Odion Igalo, of Watford and Nigeria, spoke to Fifa.com about his background, previous clubs and taking the English Premier League by storm.
In a time in which many African youngsters are thrown into the deep end of international football at an early age, Odion Ighalo is an exception. The Nigerian striker was nearly 26 when he was called up to the Super Eagles for the first time early last year after a run of stellar form for Watford. One of the biggest sensations in the English Premier League this season, the Lagos-native shares his inspirational story with FIFA.com.
Like many other African players Ighalo was still a teenager when he undertook his first steps in professional football in Europe. He joined Norwegian club Lyn from Julius Berger in 2007 before being signed by Udinese. After struggling to get playing time in Serie A, Ighalo was loaned out to Spanish team Granada, whom he helped gain promotion to La Liga. Although he was playing regularly and scoring in Spain, he did not grab many international headlines. However, a move to ambitious English Championship side Watford, who were busy putting together a promotion push, changed that, and the striker played his part as the Hornets won their way into the top flight at the end of last season.
For Ighalo it was the culmination of a long-standing ambition. “Since I was young, I dreamed of playing in the Premier league. As a child in Nigeria I watched the Premier League on television. It has not been easy because I have gone through many countries. But maybe God said it is my time now to have this breakthrough in England. So I am happy and enjoying every moment of it. But I also want to keep working at it and am learning every day.”
An exciting side to watch, Watford are ensconced solidly in the Premier League’s mid-table pack on 29 points in 12th place, but just two points from eighth. Ighalo is not only his team’s top-scorer on 13 goals, but that’s good enough for third-best in the league. He does not seem shocked by the success. “Maybe the Premier League suits my style more than the other leagues I have played in, and so I have scored more goals. It is very physical and very tough, and I know I am a physical player. I also have good technique and pace, so if you add those things together as a striker you’re going to do well here.”
Though they have cooled considerably since a 3-0 win over Liverpool and a draw at Chelsea over Christmas, Watford’s surprise form in the first third of the season was overshadowed by the achievements of Leicester City, who are scrapping for the title against all odds. For Ighalo, there is a similar dynamic with Foxes’ striker Jamie Vardy, who leads the league with 15 goals, and the Nigerian thinks it has been a blessing in disguise. “It is good for us when people start talking about Leicester. We have been working hard but people have not been noticing us. I have been scoring goals, and [strike partner] Troy Deeney has also been doing very well, but we have been playing under not as much pressure.”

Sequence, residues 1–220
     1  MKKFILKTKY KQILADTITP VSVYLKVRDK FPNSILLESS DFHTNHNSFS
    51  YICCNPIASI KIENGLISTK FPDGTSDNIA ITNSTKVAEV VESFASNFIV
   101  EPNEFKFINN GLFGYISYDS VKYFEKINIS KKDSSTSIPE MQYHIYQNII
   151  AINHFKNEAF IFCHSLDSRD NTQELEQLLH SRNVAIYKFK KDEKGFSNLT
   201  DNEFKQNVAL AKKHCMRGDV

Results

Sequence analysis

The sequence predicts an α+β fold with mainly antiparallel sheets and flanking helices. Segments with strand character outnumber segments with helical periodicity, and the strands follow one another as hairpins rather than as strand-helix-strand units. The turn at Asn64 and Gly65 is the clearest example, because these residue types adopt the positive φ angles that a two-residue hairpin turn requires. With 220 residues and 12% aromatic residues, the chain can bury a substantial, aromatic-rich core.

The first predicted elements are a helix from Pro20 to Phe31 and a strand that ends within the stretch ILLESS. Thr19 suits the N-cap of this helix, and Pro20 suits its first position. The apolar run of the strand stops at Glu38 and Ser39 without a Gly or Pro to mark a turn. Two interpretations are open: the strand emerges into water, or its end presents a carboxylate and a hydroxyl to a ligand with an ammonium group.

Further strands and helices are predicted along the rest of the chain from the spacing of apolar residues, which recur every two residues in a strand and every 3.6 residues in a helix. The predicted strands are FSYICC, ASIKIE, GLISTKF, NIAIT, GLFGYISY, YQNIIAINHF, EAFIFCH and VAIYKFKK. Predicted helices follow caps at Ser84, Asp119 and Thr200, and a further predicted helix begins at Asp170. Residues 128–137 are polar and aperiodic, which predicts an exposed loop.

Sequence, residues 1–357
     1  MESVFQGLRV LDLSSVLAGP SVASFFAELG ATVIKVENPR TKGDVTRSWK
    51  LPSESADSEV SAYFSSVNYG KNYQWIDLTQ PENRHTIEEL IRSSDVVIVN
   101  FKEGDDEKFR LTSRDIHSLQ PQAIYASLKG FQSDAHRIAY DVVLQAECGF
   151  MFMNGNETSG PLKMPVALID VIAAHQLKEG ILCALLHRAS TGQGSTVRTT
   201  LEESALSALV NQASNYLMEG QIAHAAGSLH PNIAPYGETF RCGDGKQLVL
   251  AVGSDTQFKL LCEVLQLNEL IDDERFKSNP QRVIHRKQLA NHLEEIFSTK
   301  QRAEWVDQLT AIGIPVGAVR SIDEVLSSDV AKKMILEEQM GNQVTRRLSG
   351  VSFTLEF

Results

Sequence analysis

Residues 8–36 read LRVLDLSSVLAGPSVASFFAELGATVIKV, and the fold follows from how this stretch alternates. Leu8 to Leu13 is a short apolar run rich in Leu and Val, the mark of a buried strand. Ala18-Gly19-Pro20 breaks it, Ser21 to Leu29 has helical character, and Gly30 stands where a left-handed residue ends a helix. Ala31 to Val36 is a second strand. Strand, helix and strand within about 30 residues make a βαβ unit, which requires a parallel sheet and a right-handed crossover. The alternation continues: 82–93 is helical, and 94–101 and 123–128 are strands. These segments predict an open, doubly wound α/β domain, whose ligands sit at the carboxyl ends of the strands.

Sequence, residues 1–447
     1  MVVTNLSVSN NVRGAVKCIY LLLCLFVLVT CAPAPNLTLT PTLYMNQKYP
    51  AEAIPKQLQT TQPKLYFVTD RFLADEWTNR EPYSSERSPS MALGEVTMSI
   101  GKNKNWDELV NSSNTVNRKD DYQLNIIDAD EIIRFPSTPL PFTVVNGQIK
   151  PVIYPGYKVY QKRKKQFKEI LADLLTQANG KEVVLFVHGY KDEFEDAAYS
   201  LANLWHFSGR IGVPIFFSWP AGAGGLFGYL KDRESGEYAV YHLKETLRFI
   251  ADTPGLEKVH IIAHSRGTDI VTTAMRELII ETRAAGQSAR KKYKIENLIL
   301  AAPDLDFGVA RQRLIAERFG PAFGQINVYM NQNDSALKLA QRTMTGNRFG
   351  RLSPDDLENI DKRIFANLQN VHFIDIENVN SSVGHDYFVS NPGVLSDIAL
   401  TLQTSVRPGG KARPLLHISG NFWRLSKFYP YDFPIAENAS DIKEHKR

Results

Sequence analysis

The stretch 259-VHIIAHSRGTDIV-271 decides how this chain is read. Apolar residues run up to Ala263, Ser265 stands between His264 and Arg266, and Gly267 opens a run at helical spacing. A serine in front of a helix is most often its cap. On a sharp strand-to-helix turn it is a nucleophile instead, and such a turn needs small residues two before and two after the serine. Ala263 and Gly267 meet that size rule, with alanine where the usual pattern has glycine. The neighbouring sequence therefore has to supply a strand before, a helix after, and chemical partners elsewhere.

Like the rest of his team-mates, the striker is focused on consolidating for the future. “We are fighting to get the 40 points we need to play Premier League next season and then everything that comes after that we will thank God for. But we are not thinking of anything else now.”
Humble beginnings, admirable outlook
One thing that Ighalo is very passionate about is trying to help those who are less fortunate than he is. “I come from a simple background. My mother worked hard for me to be where I am today. It even caused some problems between my parents at the time as my father wanted me to go to school and further my studies, but my mother allowed me to play football. Now my father is a proud man and my parents are very happy for what I have achieved.”
The striker shares much of his wealth with those in need back in his native Nigeria. His generosity has touched in-need widows and helped fund an orphanage. But speaking about his charitable work is not something he is anxious to do. “I don’t really want to talk too much about it. It is more important to do something rather than talk about it. I hope the orphanage will be up and running this year.
“Since I started playing professionally, I’ve been helping those back home. It is not because I have too much money or millions, but because I know what it is like to have nothing. That is why I do that. Hopefully I can inspire more people to do something for those who are less fortunate. I love playing every day, and I just want others to be as happy as I am.”